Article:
Java Workshop
 

XML Processing

Jargon

Child Node
A child node or descendant node is a node in a tree data structure that is linked to by a parent node.
Element
A block in a markup document like a tag in an HTML document.
Parse
Parsing is the process of splitting up a continuous stream of characters (read from a file or keyboard input, for example) into meaningful tokens, and then building a parse tree from those tokens.
Serialize
Encode a data structure as a sequence of bytes.
Stream
A continuous flow of data, usually digitally encoded, designed to be processed sequentially. Also called a bitstream.
String
A group or sequence of characters.
Stylesheet
An ASCII text document that is attached to an SGML or XML encoded document and that contains instructions to specify the formatting and display of the encoded document, or to transform it into another format.
Template
A set of pre-designed formats for text and graphics on which new pages and webs can be based.
Text
Data consisting of a sequence of characters, as opposed to binary numbers, images, graphics commands, executable programs, and the like.
Transformation
Transformation is a form of conversion in which a file is converted into a file format with a comparable structure (eg from XML to XML, or from SGML to HTML). Usually, this form of conversion can be carried out very well.

Introduction

We were briefly introduced to XML in chapter 6. In this chapter we are going to look at working with XML in our programs, in effect we will be writing XML (creating), reading XML (parsing) and performing transformations on XML (from XML to HTML).

In this chapter we will be looking at two tools instead of one like previous chapters. We will first look at the Xerces XML parser and then look at Xalan, a tool that performs XML transformations.

You can get Xerces and Xalan @ xml.apache.org. Note that we are using Xerces-J for Java.

Writing XML

The first thing we may wish to do is to actually create an XML document. In this section we will look at some ways in which to accomplish this.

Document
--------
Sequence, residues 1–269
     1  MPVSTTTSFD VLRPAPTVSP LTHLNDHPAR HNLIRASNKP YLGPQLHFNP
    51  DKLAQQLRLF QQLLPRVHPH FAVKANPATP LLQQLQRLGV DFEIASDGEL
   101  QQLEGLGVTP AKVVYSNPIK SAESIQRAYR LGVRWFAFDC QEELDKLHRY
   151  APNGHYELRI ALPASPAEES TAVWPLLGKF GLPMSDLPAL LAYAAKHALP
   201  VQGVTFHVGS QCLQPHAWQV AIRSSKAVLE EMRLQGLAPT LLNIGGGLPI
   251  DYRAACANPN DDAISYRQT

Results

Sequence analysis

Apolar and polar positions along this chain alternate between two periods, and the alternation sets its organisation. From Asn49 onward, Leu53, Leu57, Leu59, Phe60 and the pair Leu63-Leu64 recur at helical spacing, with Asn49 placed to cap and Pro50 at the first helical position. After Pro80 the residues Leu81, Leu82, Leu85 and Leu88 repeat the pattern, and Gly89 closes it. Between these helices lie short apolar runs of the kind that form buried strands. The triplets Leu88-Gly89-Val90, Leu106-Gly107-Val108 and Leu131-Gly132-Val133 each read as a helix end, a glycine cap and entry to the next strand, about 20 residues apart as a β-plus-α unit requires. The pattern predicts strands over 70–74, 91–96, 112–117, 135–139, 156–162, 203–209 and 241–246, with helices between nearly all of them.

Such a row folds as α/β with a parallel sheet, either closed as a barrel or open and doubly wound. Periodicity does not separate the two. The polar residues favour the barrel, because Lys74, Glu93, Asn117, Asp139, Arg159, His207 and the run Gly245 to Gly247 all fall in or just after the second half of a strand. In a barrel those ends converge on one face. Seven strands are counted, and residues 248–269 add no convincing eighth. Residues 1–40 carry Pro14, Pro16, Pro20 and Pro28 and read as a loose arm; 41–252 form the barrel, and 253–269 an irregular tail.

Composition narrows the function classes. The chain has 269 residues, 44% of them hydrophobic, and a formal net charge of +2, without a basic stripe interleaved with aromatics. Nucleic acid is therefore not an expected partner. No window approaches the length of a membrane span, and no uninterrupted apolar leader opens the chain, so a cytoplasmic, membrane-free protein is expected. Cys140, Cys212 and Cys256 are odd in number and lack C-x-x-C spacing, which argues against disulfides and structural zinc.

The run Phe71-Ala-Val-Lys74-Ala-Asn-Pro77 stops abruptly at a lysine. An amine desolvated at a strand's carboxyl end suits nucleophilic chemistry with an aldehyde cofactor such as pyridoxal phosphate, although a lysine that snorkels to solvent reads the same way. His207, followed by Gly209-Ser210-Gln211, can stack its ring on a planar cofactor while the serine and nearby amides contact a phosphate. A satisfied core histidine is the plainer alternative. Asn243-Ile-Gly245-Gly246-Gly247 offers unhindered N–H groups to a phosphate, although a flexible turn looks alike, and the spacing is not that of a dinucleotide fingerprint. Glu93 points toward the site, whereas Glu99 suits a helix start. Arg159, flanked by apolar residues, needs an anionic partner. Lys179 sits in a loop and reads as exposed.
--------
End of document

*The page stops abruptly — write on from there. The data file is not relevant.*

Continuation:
Three Ways To Write XML

There are actually three ways in which to create an XML document. The first is the easiest, we simply type an XML document into our favourite text editor and then save the document with the .xml extension. The second way is to actually hardcode the XML into our program and the last method is to actually create a Document object and then serialize it.

Consider the example given in chapter 6 of a memo. It is printed here again:

<?xml version="1.0" ?>

<!DOCTYPE memo
    SYSTEM "memo.dtd">
    
<memo>
    <to>John</to>
    <subject>Re: Progress Meeting</subject>
    <message>Don't forget that we must book the boardroom
        well in advance or we'll have to have the meeting in
        one of our offices which will turn out to be
        <emphasis>very cramped</emphasis>.
        See you later!
    </message>
    <from>Trevor</from>
</memo>
                

You can quite easily copy the text, paste it into your text editor and save it. This is the easiest way in which to create an XML document. But what if we want to create a document from within our program?

Programmatically

Programmatically creating an XML document is almost as easy as creating one in a text editor. For starters we can simply print out the document to the console:

System.out.println("<?xml version=\"1.0\" ?>");
System.out.println("");
System.out.println("<!DOCTYPE memo SYSTEM \"memo.dtd\">");
System.out.println("");
System.out.println("<memo>");
System.out.println("    <to>John</to>");
System.out.println("    <subject>Re: Progress Meeting</subject>");
System.out.println("    <message>Don't forget that we must book the boardroom");
System.out.println("        well in advance or we'll have to have the meeting in");
System.out.println("        one of our offices which will turn out to be");
System.out.println("        <emphasis>very cramped</emphasis>.");
System.out.println("        See you later!");
System.out.println("    </message>");
System.out.println("    <from>Trevor</from>");
System.out.println("</memo>");
                

This will print out the document to the console. What if we wish to send that to a file? This is done quite easily using Java's IO system.

try {
    PrintWriter out = new PrintWriter(new FileOutputStream("memo.xml"));
    out.println("<?xml version=\"1.0\" ?>");
    ...
    out.println("</memo>");
    out.close();
} catch (Exception e) {
    e.printStackTrace();
}
                

Many people are against hard coding the document, instead the correct way to do this is to create the document object.

Creating The Document Object

The Xerces Parser

The Xerces parser is distributed in a compressed archive. Simply extract the archive to the location of your choice. Within the contents of the archive you will find two jar files that are required, namely: xercesImpl.jar and xml-apis.jar. You need to add both to your classpath.

Creating The Document